Nashville Social Services Brace for Debt Deal Drought



It's over — sort of.

After months of Capitol Hill grandstanding that further debased an already debauched national political discourse, the Great Debt Debate is (for now) at an end.

President Barack Obama this afternoon signed into law the House-tested (269-161), Senate-approved (74-26) debt ceiling increase that raises the nation's borrowing capacity by $400 billion, institutes $917 billion in spending cuts over 10 years via discretionary spending caps, and does virtually nothing to reign in the gluttonous salaries of the very hedge fund managers and Wall Street tycoons whose astronomical tax cuts comprise the bulk of the very budget deficit so popular with elected officials of the Tea Party persuasion.

Providing a seal of approval to this slash-and-burn stratagem toward fiscal solvency is none other than Republican Sen. Lamar Alexander, who offered the following wisdom today in a speech on the Senate floor (bold emphasis added):

Finally, Washington is taking some responsibility for years of spending money we don’t have. At a time when the federal government is borrowing 40 cents of every dollar it spends, this is a welcome change in behavior that I am glad to support. Make no mistake. This is a change in behavior—from spend, spend, spend to cut, cut, cut.

Echoing his Senate colleague, U.S. Rep. Jim Cooper said in a press release that he supports "the Budget Control Act because it protects America from default and starts cutting unnecessary spending." He adds that "much more needs to be done but Congress has finally stopped bickering and started solving our deficit problems.”

Per the deal struck by party leaders, a second round of cut-cut-cuts ($1.5 trillion) has yet to be specified, leaving the fate of so-called entitlement programs (e.g. Medicare, Medicaid, Community Development Block Grants, etc.) to be determined by a "Super Committee," comprised of six Republicans, six Democrats and whatever Superfriends happen to be on hand. (Probably Aquaman.) What's more, it'll probably cost the already ailing economy at least a million more jobs, but hey: If it burns, that means it's working!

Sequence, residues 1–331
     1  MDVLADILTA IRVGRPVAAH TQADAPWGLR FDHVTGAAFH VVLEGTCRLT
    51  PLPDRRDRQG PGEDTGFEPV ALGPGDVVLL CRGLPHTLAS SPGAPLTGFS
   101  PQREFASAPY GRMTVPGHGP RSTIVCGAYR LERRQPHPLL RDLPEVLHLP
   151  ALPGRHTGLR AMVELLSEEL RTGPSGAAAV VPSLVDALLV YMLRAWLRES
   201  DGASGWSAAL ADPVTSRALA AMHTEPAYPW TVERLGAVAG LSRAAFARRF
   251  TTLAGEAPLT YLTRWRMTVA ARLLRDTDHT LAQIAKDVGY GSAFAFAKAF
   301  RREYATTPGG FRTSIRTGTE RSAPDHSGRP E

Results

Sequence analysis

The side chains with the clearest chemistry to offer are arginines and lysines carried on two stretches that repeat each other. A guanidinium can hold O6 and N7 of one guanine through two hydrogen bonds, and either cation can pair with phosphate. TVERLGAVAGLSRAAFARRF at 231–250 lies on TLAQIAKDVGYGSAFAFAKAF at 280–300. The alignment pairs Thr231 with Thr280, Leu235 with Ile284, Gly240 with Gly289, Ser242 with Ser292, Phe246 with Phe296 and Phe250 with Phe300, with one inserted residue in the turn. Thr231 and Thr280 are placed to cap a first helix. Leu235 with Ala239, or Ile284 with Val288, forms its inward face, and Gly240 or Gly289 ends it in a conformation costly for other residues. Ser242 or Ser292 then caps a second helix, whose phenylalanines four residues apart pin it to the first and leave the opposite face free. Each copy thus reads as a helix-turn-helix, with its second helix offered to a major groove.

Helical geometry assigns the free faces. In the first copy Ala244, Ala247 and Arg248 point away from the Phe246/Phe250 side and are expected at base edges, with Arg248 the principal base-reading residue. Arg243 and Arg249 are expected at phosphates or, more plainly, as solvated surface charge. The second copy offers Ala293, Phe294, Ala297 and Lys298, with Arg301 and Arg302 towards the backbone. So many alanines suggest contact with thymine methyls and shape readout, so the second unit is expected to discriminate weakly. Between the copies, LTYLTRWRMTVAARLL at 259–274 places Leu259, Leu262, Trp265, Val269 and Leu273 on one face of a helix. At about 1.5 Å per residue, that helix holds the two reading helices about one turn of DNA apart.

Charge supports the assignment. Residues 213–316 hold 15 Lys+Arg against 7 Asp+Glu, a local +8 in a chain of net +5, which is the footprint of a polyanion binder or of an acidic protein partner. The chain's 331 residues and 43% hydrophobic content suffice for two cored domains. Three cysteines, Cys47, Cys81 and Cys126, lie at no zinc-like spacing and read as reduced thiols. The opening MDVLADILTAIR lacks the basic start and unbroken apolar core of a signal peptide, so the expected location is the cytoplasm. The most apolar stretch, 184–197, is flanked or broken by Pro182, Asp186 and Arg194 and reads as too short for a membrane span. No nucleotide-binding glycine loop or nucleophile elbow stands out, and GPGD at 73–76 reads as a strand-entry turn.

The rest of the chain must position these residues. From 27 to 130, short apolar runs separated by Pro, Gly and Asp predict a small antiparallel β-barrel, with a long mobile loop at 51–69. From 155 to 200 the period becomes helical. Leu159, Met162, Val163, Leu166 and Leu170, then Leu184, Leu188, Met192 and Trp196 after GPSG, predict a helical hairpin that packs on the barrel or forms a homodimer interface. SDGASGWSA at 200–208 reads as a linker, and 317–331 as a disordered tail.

Despite the lack of specificity, Nashville's social services providers — and by proxy their working-class clientele — are bracing for a major funding drought.

"We're watching," says Lisa McCrady, spokeswoman for the Nashville Metropolitan Action Commission, which provides myriad programs to low-income and elderly residents. "And we're listening, and what we're hearing is that our community development services block grant is going to be cut in half," from its current level of $800,000 down to $400,000.

That block grant money supports the commission's GED and college prep programs, rent and mortgage assistance, supplemental property-tax payments and utility deposits for those recovering from homelessness, to name a few.

"I had to turn the TV down a moment ago," McCrady says of the coverage of the grim debt deal, adding that the commission is already aware that their $7 million in the Low Income Home Energy Assistance Program will be reduced to its base amount of $2 million, with further details to be ironed out by Aquaman & Co. this fall.

Julie Oaks, public information officer for the Metro Development and Housing Authority, says the impending cuts are just the latest round of dwindling federal assistance, which accounts for roughly 90 percent of MDHA's funding. That will force tough choices for the agency.

"We've already had cuts to public housing and rental assistance programs. We laid off eight employees earlier this year, in our community development division," Oaks tells the Scene, "so further cuts will mean some really hard decisions. Either we'll be able to serve less people, or provide a lower level of service for people who receive benefits through MDHA."

That means MDHA will have fewer funds to maintain their properties and depress the economic buoyancy of some 5,800 residents supported by rental assistance.

Oaks adds that MDHA hasn't accepted any new Section 8 vouchers since 2008, and 670 individuals are still on the waiting list. Although the agency would like to switch to a lottery program to help reduce that number to zero, a lack of resources has made that an impossibility.

In terms of the debt deal's effect on health care, Medicare and Medicaid are spared for the moment. So expect Nashville's current revenue levels for federal programs — for example, $6,170,900 from Health and Human Services, the USDA and Medicare — to shrink small enough to drown in a Norquist bathtub.

"All we can do is wait and see," says Oaks, "and prepare for the worst."

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